The VA can reduce a veteran's VA disability rating if it determines that the veteran's disability has improved. The VA can reduce a disability rating at any time a medical examination indicates improvement - the veteran does not have to file a new claim or file for an increased rating for the VA to reduce a disability rating.
Previous decisions of the VA which are final and binding such as decisions of service connection, age, marital status, duration of service, dependency, line of duty, extent of disability, and other issues decided by the VA are accepted as correct in the absence of clear and unmistakable error (CUE). Clear and unmistakable error is a legal argument that a VA decision was wrong. It is not enough, however, to simply allege that the VA was wrong. The veteran must prove that VA regulations and facts specific to his or her case, in existence and in the case file at the time the VA issued its decision, could have led to only one conclusion and that the VA adopted the wrong conclusion. The veteran must show that the VA's decision would have been manifestly different but for the alleged error of fact or law. Generally, CUE comes into play when the correct facts were not before the Board of Veterans' Appeals or the regulatory provisions in existence at the time were incorrectly applied by the Board of Veterans' Appeals.
Total Disability based on Individual Unemployability (TDIU or IU) allows a veteran to receive compensation for 100% disability even if the veteran has less than a 100% schedular rating. TDIU is based on the fact that the service connected disability, though less than 100%, causes the veteran a total inability to work. VA regulations provide that for a veteran to receive TDIU the veteran must have one service connected disability rated at 60% disabling or a combination of disability ratings totaling 70% with one of the included ratings being at least 40% disabling. To be entitled to TDIU, however, the veteran must also prove that he or she is unable to secure or follow gainful employment as a result of his or her service connected conditions. Call the experienced Veteran's Disability attorneys at Gardberg, Clausen & Kemmerly, P.C. today for a free case evaluation to determine if you are entitled to TDIU.
Mardi Gras on the Gulf Coast is just around the corner. With parades in Mobile and all along the Gulf Coast, there are plenty of opportunities to enjoy the festivities. Click below to see the upcoming parade schedules for your city!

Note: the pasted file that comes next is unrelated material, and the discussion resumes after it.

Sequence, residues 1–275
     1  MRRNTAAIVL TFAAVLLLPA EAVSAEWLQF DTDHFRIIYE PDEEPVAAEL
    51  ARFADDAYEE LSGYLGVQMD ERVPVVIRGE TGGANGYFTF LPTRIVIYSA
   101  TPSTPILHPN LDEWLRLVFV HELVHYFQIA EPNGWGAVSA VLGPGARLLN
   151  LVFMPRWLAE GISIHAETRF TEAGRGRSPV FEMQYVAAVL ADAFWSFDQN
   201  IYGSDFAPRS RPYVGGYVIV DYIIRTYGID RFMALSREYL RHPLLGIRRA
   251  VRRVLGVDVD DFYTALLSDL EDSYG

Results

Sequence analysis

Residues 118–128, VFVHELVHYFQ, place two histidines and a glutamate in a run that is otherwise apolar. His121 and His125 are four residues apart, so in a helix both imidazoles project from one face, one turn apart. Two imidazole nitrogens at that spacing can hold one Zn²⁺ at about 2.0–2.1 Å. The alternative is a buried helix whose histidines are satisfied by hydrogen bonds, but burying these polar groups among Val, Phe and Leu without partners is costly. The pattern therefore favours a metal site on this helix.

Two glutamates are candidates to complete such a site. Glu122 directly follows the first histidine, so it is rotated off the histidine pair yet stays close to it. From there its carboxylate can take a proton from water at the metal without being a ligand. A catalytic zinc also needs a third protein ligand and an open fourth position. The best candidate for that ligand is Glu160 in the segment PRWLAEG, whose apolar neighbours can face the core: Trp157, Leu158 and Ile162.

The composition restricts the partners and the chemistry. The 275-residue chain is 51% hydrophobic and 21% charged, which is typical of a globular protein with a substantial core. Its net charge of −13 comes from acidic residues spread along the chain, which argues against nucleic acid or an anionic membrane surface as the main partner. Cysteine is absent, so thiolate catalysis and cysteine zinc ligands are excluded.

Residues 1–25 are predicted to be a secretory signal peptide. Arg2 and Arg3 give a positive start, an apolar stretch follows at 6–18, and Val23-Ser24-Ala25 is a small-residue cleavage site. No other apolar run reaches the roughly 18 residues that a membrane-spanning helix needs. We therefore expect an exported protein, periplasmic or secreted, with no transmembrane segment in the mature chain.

Many individuals entitled to disability benefits are denied by the Social Security Administration on a daily basis. Although the Social Security Administration does not require you to have a disability attorney, there are numerous benefits to hiring a disability attorney to represent you in your application for Social Security disability benefits.
Currently SSA is processing and approving claims for same-sex spouses of retired workers if the couple is married and currently living in a state that recognizes same-sex marriages. But what if you live in Mobile or Pensacola or Biloxi? Alabama, Florida, and Mississippi do not currently recognize same-sex marriages. What should you do if this applies to you? In short, if you meet all of the other requirements for Social Security benefits, you should apply now to preserve your filing date. These claims will be held until SSA issues further instructions on processing. There is no indication yet on when SSA will establish a new policy for processing these claims, but protect yourself and your filing date by filing your claim as soon as possible. For frequently asked questions about U.S. v. Windsor, the repeal of DOMA, and how this affects Social Security benefits, you can find more information at www.ssa.gov/doma.
A recent decision in a Federal District Court held that a nurse's treating records for Social Security disability cases must be considered by the Administrative Law Judge, despite the same not being considered "acceptable medical sources".
The United States House of Representatives voted this week to give final approval to a bill giving disabled veterans and veterans' survivors a 1.5 percent cost of living increase. The United States Senate voted on the 1.5 percent COLA increase in October so if, as expected, President Obama signs the measure into law the cost of living increase will become effective December 1, 2013. Veterans will begin seeing the increase in January of 2014.
Remember those Social Security statements you used to receive in the mail each year around your birthday? You may have noticed that you no longer receive those. Due to budget concerns, Social Security stopped mailing them out. Now, however, you can access them online! Just visit Social Security online at http://www.ssa.gov/myaccount to access information. You can create an account and access information about:
Nearly 80,000 Vietnam veterans were discharged under other than honorable conditions. Being discharged under other than honorable conditions prevents those Vietnam veterans from receiving veteran's disability benefits. How many of those veterans discharges could have been honorable had PTSD been taken into consideration? This is the exact question raised by the case of Shephard v. McHugh. Shephard v. McHugh, 3:11-cv-00641 (D. Conn. 2013).